Decisions are made on the basis of existing knowledge and gain in clarity as learning cycles become shorter and shorter.
At the beginning of an initiative, all boundary conditions can rarely be fully known. Obstacles and new unknowns can and will arise at any time as the initiative progresses.
Empirical process control is an essential feature of agile working methods: Decisions are made on the basis of existing knowledge and ideally at the latest possible point in time.
Empirical in this sense means reducing uncertainties and ambiguities through concrete experience and fact-based findings – gaining more clarity with the shortest possible learning cycles.
The prerequisite for a short learning cycle or feedback cycle is an effective way of understanding the situation or “sense making”. Without a solid understanding of the situation, efforts to be more adaptive remain just useless exercises.
There are quite a number of effective and proven tools for this at all levels:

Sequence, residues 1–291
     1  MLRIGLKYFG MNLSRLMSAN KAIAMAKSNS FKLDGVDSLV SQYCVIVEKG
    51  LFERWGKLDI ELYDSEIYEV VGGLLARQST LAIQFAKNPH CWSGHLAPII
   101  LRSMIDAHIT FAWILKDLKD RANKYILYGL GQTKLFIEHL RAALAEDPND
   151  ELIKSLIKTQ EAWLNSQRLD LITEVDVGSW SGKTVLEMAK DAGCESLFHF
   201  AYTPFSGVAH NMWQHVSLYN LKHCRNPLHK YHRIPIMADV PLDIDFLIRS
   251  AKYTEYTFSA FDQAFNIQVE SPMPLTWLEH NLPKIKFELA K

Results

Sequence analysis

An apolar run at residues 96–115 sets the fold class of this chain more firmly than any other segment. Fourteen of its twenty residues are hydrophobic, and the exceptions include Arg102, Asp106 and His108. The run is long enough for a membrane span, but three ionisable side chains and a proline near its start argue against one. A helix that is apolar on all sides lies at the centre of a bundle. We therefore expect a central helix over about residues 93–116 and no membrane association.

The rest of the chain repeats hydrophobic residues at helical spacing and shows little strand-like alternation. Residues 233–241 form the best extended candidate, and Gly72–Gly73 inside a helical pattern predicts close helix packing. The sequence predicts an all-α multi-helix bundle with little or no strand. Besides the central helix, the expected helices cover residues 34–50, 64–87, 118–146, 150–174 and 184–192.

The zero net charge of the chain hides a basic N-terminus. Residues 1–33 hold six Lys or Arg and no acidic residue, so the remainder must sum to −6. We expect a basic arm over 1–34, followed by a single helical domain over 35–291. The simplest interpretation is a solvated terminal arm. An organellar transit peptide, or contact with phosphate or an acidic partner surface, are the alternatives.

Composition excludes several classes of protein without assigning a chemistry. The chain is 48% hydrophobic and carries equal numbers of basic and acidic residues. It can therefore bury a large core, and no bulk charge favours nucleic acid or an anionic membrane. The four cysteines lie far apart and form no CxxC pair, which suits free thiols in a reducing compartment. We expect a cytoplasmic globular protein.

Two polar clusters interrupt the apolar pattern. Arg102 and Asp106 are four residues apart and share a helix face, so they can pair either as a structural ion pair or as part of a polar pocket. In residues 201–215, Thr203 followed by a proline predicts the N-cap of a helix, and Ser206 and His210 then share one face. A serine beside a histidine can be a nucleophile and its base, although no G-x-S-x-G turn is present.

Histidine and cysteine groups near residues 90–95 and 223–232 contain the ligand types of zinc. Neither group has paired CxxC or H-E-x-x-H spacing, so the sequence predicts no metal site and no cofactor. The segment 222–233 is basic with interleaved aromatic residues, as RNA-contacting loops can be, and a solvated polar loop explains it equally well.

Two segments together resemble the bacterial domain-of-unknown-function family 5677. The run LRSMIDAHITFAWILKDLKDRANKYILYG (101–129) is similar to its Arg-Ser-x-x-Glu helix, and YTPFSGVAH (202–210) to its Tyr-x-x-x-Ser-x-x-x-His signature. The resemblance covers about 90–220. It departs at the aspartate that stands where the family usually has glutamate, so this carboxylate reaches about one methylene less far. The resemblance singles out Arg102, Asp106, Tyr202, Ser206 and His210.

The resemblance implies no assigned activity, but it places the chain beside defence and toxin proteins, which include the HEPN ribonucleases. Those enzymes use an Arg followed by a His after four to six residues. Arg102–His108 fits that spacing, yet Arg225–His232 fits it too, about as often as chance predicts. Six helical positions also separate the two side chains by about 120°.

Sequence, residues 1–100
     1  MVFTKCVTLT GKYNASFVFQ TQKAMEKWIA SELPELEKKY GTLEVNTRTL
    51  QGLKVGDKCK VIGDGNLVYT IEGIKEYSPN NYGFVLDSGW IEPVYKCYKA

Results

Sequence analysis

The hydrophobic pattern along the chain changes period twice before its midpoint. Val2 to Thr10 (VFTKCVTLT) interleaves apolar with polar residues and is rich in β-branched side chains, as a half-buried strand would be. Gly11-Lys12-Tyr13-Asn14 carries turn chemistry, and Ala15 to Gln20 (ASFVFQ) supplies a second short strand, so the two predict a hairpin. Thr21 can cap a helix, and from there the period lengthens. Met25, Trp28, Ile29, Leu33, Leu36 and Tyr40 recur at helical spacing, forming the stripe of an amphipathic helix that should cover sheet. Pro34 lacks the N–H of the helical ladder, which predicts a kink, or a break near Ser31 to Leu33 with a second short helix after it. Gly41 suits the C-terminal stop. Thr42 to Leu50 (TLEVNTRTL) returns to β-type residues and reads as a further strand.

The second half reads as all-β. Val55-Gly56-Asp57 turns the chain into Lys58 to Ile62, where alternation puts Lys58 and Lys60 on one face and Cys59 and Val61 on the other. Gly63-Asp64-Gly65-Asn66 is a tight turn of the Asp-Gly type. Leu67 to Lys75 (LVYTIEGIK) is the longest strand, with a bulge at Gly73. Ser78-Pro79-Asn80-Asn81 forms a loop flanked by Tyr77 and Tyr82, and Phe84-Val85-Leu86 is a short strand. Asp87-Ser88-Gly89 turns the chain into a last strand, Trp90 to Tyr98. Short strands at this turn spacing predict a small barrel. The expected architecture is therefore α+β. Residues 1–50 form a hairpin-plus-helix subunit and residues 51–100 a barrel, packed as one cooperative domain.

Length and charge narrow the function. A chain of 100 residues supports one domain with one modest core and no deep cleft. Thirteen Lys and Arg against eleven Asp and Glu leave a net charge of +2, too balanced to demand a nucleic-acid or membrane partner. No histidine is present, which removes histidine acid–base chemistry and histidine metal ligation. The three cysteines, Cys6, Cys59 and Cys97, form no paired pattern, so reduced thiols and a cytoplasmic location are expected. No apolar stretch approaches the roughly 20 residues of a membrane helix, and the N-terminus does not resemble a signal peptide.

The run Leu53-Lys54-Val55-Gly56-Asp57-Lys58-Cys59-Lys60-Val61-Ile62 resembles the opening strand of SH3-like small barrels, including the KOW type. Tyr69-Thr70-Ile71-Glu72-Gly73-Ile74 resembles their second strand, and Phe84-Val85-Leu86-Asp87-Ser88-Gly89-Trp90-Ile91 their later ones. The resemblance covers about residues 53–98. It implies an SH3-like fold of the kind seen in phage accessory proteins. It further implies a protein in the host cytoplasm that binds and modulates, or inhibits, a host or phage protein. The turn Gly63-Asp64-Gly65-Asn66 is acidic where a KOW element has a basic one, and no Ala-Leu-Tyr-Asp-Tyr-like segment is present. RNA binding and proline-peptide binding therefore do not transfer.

- OODA by John Boyd on the tactical level
- The “Art of War” by the ancient Chinese general Sun Tsu for strategy and tactics.
- Wardley Mapping for Strategy and Product Development (Simon Wardley draws heavily on Sun Tsu and John Boyd for the rest)
- Lyssa Adkins’ famous question to coaches, “can you read a room?” to raise awareness with teams about the importance of situational understanding.
In Agile Evolution there are also central tools:
- The GOOD (sense making) Cycle, which builds on the above tools
- Visualization of a transformation through focus maps
In Steve Bungay’s “Art of Action,” a version of commissioning tactics, a sense making process is explicitly used for alignment (see Strategy Implementation).